A Culture that Opened My World
Her name was Viviane, she was from the Alcase region of France and she was going to live with my family for my entire junior year of high school. When my Mom first introduced to my family the idea of hosting an exchange student, my initial instinct was, “Good idea Mom, but no thanks.” It sounds selfish, and it was, but I was worried I would have to take her everywhere with me, I didn’t want to share my room and I was secretly afraid we wouldn’t like each other. But in the back of my mind I knew without a doubt, that this was something I needed to do. I knew would change me and make me a better person regardless of whether we became close friends. Taking this risk has led me to believe in exposure to other cultures.
When I first met Viviane, she walked in our door and I was struck at how beautifully stylish she looked—dark eyes, a sleek hip haircut and classic French attire: all black. The first thing we did was take a walk together. Crunching through the grass of my backyard to the Elkhart River, we chatted about movies we liked (we both love Brad Pitt), trips we had taken, and what our high schools were like. Many of her sentences came out choppy, all of her sentences were pretty heavily accented, and sometimes she just gave up because she couldn’t remember the right word. It was as it should have been—friendly, slightly awkward, and exciting.
As the year went on, we learned things about each other’s personality and culture in both hard ways and funny ways. For instance, the first thing I did when I met her was give her a hug, and I unknowingly exposed her to an American type greeting. I had no idea that people rarely hugged each other in France. She resisted coming to church with my family because our church was so much more formal than her home church. Viviane also had to get used to the talkative and loud nature of our 3 pet, 3 kids family; she was the youngest in her family and was a pretty calm and quiet individual to begin with. It was amidst of, not in spite of, these differences that we became so close.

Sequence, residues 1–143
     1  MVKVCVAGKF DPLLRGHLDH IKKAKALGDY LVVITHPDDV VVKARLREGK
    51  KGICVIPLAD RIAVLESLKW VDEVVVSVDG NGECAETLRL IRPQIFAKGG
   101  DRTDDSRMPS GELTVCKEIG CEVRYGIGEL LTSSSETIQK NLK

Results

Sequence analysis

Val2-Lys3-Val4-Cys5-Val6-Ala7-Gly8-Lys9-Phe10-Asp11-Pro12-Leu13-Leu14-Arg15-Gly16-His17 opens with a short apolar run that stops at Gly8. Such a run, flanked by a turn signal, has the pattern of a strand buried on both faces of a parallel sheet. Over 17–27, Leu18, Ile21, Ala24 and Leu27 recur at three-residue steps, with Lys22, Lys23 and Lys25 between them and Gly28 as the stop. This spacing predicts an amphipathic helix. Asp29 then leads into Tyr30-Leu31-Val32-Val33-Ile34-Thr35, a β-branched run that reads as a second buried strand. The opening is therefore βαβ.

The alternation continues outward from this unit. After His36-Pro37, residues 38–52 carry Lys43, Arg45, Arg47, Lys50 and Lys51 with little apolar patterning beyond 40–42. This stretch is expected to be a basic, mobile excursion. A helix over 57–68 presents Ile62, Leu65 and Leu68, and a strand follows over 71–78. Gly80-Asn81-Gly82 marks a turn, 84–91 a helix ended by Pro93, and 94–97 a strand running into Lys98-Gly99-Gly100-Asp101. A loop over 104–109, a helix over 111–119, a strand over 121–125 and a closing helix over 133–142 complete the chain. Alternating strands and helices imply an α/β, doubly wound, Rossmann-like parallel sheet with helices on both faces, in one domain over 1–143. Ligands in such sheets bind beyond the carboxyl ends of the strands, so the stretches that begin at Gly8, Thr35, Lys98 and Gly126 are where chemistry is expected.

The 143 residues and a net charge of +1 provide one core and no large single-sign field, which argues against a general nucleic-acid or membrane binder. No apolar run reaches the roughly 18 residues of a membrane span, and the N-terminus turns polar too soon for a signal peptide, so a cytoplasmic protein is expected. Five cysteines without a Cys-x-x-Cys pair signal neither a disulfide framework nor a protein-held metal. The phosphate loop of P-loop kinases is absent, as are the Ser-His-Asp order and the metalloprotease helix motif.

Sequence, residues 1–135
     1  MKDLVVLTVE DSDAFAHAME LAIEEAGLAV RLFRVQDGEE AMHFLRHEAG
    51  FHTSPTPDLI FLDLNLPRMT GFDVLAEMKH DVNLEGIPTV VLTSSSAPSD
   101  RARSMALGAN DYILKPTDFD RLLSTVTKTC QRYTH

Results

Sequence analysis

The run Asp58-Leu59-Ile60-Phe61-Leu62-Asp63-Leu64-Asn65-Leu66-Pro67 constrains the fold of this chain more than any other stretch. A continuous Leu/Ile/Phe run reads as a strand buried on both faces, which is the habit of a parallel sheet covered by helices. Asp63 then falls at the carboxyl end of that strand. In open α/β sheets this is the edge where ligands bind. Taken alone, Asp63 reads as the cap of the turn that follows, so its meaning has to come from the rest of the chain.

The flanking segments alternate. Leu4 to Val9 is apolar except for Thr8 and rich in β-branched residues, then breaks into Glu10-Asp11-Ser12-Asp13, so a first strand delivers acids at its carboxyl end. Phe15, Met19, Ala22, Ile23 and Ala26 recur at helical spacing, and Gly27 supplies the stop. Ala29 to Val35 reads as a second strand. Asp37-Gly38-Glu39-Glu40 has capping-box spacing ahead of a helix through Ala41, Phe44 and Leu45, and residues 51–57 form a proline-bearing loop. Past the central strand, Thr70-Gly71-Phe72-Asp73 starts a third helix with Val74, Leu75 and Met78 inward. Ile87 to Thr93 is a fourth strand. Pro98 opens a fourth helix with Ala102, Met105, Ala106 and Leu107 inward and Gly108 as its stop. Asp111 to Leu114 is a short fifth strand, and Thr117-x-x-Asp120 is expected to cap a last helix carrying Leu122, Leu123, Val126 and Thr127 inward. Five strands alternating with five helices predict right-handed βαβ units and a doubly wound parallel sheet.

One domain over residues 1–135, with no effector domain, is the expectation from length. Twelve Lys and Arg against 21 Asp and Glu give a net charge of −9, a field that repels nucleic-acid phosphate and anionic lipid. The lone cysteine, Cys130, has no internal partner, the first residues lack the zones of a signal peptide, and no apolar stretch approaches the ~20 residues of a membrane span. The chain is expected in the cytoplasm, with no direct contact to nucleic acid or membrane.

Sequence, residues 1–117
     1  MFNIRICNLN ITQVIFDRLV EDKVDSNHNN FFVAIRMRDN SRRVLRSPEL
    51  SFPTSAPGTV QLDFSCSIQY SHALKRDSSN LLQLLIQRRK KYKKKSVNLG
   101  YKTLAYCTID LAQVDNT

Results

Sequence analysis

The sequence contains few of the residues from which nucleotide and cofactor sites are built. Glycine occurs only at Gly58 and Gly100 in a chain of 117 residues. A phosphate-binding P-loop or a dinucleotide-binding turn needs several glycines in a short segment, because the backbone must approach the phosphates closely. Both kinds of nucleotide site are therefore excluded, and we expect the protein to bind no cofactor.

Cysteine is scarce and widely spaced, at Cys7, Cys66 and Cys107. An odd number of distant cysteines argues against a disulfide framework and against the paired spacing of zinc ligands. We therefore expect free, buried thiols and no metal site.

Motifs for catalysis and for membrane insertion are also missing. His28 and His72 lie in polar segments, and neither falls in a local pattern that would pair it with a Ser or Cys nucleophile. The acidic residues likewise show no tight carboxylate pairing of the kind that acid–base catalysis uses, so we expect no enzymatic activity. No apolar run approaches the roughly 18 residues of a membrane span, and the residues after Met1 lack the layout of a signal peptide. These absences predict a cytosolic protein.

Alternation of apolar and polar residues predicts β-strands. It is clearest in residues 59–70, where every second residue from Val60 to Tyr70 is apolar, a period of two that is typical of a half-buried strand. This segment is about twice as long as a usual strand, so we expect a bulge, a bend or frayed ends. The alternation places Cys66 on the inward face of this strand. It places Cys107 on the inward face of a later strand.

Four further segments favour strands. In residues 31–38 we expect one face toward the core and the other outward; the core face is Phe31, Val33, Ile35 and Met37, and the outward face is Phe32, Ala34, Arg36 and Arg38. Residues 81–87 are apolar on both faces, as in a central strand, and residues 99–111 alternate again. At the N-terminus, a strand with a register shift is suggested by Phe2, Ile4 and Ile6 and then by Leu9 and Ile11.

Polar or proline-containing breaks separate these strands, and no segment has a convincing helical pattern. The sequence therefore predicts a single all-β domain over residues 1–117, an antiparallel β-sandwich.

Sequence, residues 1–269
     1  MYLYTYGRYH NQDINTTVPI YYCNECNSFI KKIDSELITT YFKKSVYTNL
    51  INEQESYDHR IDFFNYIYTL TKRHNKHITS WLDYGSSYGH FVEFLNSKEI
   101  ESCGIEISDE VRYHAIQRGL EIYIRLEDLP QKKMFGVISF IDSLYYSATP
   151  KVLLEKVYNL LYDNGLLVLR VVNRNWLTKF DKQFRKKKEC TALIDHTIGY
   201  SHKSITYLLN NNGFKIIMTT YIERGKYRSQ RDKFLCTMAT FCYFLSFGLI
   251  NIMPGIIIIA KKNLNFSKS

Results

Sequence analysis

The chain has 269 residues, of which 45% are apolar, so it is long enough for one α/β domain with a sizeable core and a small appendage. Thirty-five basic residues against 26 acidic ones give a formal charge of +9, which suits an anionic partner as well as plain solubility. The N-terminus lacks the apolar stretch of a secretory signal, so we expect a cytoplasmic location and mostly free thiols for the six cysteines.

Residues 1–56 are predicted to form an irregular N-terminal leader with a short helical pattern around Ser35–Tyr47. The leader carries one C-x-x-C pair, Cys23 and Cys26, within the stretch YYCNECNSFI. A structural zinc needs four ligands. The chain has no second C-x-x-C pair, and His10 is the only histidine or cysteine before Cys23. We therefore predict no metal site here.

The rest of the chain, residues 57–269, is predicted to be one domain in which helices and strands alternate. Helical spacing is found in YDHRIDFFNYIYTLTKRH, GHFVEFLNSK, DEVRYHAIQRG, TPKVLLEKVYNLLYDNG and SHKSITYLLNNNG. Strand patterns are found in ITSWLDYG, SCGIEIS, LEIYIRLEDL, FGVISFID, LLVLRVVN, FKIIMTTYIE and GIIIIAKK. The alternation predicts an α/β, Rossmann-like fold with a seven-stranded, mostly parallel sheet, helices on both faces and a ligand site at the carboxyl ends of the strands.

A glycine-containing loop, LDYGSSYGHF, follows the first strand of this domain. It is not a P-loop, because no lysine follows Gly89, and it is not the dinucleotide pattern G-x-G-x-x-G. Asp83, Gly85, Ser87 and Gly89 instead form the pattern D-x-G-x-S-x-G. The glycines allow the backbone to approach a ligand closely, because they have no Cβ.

My year with Viviane turned out to be incredible. Had I chosen the safe path and chose not to open myself up to this new individual, I would have missed out on a great amount of fun, experiences and broadening of my knowledge regarding other cultures.
We discovered throughout the year so many things we did have in common: we were both teenage girls who loved hanging out with friends, shopping, playing tricks on boys, and eating chocolate, real European chocolate I might add. It broadened my world view to realize how far away she was from her own country, yet she was working so hard to make good friends here and get good grades in school. When our family, which now included Viviane, would talk around the dinner table, she would help us see our culture through a new light, explaining things she really liked and things she missed about her own culture in northern France. For example, Viviane’s table manners were so refined that she even folded her lettuce into bite size pieces on her fork when she ate salad. I mean, nobody in our family has even considered doing that, we just stab at our lettuce randomly with a fork and stuff it in our mouth. And she absolutely hated Jell-O, there was simply nothing like it in France and she thought the consistency of it was just disgusting.
One can gain a greater perspective about the culture they are a part of, when given exposure to other cultures and I experience this to be priceless. I am now not so quick to make assumptions about exchange students, I am generally more open-minded, and my heart has grown bigger and more loving after reaching out to Viviane. Each moment I spent with Viviane, whether happy, annoying, laughter filled, or insightful, has led us to become so close that I and three friends went to visit her in her home this past summer. After a nearly 20 hour trip from Goshen to Chicago to Manchester to Frankfurt and finally Hegenheim, France, Viviane and I saw each other after more than a year apart and ran to each other in a full embrace. I found tears running down my face. Exposing myself to her and her culture truly opened my world. I look at a picture of Viviane every day and know this to be true.
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